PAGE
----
Right now, the United Nations is negotiating one of the world’s potentially most powerful policy documents. It can influence trillions of dollars, pull hundreds of millions out of poverty and hunger, reduce violence and improve education — essentially make the world a better place. But much depends on this being done well.
We’ve done this before. In September 2000, 100 heads of state and 47 heads of government laid the foundation for the Millennium Development Goals. These goals were unique because they were short, specific and very simple development targets everyone could relate to — and because they had a clear deadline for 2015. In short, world leaders had made real, verifiable promises. And although we didn’t meet all goals, they helped push us to a much, much better place.
But with the MDGs ending in 2015, we have to ask what’s next.
The United Nations has started an inclusive process from the 2012 Rio Earth summit to define so-called sustainable development goals for 2016-2030. So, over 10 months, countries, missions, U.N. organizations and nongovernmental organizations will perform a complex dance to determine — and hopefully whittle down — the next set of targets.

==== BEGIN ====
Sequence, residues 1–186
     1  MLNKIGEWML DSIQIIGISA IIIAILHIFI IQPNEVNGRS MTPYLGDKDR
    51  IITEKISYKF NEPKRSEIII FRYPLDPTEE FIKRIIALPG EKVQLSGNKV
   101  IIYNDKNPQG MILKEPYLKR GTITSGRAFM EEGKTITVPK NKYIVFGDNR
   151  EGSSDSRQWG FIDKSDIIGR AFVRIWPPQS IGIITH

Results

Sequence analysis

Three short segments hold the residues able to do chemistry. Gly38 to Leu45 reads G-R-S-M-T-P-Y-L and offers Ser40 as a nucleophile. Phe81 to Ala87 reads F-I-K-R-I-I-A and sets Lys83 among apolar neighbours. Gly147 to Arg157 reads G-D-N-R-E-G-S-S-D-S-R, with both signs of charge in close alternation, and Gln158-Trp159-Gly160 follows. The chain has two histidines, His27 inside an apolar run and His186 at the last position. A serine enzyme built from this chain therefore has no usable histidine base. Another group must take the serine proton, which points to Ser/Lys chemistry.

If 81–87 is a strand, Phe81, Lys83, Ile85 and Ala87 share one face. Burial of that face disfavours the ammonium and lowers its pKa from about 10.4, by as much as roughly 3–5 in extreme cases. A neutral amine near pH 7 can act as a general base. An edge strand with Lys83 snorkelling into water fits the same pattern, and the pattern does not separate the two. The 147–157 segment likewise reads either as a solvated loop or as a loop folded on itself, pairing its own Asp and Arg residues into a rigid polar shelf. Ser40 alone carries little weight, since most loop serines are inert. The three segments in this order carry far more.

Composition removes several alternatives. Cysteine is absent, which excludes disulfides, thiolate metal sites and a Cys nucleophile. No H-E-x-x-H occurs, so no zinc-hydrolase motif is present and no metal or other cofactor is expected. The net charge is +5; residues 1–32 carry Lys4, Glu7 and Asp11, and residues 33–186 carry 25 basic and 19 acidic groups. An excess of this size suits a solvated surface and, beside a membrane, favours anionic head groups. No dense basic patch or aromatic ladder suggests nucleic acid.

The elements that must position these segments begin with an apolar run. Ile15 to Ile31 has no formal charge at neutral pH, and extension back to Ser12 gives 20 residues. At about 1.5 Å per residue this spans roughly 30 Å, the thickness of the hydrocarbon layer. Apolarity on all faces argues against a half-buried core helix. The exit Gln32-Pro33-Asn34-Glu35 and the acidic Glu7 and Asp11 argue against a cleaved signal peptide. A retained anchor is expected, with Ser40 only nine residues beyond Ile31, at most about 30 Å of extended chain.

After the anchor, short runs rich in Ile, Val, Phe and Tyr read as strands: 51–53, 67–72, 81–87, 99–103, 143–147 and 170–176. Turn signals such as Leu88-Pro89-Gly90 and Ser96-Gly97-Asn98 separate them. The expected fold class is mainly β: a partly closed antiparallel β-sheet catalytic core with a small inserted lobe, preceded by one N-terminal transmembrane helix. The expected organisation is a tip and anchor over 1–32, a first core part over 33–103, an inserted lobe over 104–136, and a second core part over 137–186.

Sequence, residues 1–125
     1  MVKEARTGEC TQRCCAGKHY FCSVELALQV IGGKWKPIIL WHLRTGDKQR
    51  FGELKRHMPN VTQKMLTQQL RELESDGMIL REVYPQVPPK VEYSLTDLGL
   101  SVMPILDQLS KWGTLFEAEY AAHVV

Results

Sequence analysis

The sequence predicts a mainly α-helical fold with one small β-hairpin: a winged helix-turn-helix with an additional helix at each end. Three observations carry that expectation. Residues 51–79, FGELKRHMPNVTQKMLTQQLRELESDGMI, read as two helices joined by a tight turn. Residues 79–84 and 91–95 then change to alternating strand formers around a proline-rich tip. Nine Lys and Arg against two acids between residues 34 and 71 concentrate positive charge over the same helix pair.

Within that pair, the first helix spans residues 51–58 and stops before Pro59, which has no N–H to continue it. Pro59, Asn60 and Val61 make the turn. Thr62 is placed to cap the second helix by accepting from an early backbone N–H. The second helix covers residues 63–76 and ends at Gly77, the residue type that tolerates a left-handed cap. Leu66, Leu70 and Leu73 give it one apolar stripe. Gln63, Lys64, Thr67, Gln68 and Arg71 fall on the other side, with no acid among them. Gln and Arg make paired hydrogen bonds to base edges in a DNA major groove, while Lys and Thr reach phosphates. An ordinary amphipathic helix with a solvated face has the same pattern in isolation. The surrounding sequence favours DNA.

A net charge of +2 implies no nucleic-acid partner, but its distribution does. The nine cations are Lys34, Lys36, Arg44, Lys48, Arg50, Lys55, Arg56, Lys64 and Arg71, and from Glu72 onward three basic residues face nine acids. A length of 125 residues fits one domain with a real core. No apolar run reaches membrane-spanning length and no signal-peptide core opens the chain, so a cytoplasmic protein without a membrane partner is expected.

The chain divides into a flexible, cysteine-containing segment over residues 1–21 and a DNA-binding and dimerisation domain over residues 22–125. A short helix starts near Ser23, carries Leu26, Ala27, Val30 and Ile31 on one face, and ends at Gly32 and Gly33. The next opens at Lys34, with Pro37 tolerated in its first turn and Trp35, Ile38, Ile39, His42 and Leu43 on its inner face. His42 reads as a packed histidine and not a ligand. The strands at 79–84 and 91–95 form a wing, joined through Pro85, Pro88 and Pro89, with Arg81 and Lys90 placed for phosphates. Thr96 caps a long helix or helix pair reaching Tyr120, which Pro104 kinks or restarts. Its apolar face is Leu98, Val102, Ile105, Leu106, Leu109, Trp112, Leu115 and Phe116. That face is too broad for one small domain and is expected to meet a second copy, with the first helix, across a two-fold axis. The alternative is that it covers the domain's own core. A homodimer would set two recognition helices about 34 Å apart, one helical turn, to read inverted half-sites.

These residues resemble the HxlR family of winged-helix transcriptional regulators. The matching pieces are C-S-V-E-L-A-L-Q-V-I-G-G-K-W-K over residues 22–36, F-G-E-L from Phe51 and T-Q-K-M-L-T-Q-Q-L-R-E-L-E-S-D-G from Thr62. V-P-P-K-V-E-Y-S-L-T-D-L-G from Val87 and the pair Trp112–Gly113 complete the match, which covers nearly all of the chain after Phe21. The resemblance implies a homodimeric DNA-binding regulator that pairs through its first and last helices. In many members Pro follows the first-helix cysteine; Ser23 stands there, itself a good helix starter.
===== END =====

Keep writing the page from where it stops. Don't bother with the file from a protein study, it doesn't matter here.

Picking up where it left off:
Given that these could end up determining a large part of the period’s $2.5 trillion development aid, it is not surprising that everyone wants their favorite topic on the books. Right now, there are more than 1,400 targets proposed. Having 1,400 priorities is like having none at all.
We can do better. And that is why my think tank, the Copenhagen Consensus, has engaged in a project to determine which targets will do the most good per dollar spent. Sixty-two teams of international top economists will estimate the costs and benefits of about 50 targets, taking into account not just the economic, but also health, social and environmental benefits to the world. U.N. agencies, NGOs and businesses in both the “global south” and “global north” will write commentaries on the findings. And three Nobel laureates will evaluate the economic evidence to classify all targets from best to worst.
Imagine taking the U.N. document and overlaying it graphically with economic evidence. Highlight the very best targets with green — the targets that will cost little but do more than 15 times as much economic, social and environmental good. Paint the fair targets yellow — targets that still do more good than they cost. And color the poor targets red — the targets that will cost more than the good they provide for the world. Backed by thousands of pages of peer reviewed economic research, such simplistic traffic light markings could crucially help the world’s busy decision-makers focus on picking the most effective targets.
And that’s exactly what we’ve done with the final document of the U.N. Working Group on the SDGs that proposes 169 targets. This document highlights a number of great, green targets and also warns the U.N. negotiators of some very poor red targets. Although the document has been revelatory in the polite U.N. context, it has crucially pointed out that not all targets are equally good.